As children get older they often have opinions with regard to custody and visitation and where they live. Often the child wants some say with regard to what happens to them. Although the court will not let the child determine custody and visitation, the court may hear a child’s preference. The child can give his or her preference during the original proceeding or upon a motion for modification.
In a non-jury trial, upon application or upon the court’s own motion, the court “shall” interview a child 12 years or older and “may” interview a child under 12 years old in chambers. This means that the court is required to interview a child 12 years or older if application is made, but the court is not required to interview a child under 12 years old. The interview occurs outside the courtroom in the judge’s office. The court can interview the child with or without any attorneys present. If a party requests the court shall cause a record of the interview to be made.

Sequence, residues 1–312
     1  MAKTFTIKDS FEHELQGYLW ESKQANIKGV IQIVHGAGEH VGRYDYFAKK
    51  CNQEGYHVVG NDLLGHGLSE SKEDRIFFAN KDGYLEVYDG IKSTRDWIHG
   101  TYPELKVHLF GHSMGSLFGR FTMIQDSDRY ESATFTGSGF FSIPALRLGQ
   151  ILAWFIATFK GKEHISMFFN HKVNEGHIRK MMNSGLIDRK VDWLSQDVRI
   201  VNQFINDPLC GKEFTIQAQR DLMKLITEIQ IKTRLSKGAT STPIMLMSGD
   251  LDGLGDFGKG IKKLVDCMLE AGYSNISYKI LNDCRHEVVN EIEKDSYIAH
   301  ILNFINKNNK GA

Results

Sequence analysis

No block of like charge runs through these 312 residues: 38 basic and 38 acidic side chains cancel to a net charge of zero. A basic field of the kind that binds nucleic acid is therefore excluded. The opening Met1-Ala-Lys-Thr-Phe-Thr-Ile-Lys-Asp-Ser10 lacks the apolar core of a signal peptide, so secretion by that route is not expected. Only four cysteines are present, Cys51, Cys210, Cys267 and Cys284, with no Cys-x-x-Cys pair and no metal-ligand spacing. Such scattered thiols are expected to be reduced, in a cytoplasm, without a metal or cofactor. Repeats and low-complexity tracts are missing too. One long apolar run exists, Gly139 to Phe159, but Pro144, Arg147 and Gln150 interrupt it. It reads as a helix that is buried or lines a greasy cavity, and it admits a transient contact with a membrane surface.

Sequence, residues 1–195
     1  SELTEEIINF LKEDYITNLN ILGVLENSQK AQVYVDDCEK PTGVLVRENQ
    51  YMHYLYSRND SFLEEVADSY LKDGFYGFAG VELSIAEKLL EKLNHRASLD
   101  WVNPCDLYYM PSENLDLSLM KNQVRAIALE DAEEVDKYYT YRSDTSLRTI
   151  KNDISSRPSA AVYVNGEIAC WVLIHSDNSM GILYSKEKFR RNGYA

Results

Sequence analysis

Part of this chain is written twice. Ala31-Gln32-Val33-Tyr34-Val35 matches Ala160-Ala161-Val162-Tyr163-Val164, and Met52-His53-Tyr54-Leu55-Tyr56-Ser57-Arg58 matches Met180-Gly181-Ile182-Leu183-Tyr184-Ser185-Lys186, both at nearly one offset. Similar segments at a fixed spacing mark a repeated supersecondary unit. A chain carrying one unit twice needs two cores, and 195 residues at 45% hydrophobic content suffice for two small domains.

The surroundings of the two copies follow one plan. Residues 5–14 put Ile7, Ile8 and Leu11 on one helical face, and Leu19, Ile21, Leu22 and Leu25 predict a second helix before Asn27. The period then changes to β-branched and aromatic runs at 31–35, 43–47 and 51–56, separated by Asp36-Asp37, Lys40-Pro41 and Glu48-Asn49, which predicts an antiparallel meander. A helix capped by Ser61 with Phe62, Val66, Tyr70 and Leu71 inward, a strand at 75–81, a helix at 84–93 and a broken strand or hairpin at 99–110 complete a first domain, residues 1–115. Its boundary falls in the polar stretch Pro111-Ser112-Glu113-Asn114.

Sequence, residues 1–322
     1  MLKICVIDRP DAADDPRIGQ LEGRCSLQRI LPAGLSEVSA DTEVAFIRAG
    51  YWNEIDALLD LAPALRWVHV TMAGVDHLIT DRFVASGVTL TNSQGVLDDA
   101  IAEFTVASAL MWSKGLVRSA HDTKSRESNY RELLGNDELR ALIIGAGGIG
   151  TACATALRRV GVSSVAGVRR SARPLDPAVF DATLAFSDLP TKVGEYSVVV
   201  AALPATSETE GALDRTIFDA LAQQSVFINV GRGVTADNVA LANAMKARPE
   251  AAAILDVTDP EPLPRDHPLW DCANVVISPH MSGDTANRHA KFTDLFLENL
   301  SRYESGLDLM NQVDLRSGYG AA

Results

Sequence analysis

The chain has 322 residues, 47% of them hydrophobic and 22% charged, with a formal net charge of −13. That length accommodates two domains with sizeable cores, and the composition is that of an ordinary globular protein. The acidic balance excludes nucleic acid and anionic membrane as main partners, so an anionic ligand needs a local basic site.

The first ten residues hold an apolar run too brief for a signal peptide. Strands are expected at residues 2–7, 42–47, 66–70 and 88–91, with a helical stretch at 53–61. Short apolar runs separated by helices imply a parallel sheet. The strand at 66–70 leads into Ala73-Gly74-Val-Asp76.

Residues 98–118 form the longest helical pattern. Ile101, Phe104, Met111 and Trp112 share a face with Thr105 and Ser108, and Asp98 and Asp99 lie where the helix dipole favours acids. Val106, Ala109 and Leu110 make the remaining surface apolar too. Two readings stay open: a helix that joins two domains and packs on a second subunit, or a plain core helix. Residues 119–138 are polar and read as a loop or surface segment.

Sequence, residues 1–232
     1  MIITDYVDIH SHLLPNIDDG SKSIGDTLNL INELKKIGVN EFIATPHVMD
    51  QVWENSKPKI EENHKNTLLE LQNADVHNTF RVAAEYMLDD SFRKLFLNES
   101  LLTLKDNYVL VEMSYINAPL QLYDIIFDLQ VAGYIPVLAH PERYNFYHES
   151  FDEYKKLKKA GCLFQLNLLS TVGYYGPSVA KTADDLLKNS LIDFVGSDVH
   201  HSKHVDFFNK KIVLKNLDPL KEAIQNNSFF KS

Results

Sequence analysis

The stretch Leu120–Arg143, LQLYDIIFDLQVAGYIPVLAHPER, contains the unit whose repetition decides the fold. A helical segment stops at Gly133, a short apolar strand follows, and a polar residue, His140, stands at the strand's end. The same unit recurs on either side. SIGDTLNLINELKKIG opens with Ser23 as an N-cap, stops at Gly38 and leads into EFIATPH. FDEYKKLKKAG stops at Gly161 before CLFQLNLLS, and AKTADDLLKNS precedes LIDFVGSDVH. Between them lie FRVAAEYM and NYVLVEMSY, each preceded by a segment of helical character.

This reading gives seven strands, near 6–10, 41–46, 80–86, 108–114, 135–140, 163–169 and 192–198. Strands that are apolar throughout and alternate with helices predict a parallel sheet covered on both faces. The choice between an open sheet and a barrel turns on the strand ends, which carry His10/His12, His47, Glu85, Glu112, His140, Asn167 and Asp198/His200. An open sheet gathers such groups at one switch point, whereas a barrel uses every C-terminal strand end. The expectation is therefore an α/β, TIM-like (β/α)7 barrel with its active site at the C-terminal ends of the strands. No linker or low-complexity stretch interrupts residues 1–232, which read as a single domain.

The child can tell the judge his or her preference with regard to who has possession of the child, who has access to the child, or any other issue in the suit. The child can also state a preference for who has the right to determine his or her primary place of residence. Even though the court interviews the child it is still in the court’s discretion to determine what is in the best interest of the child. The court does not have to honor the child’s preference.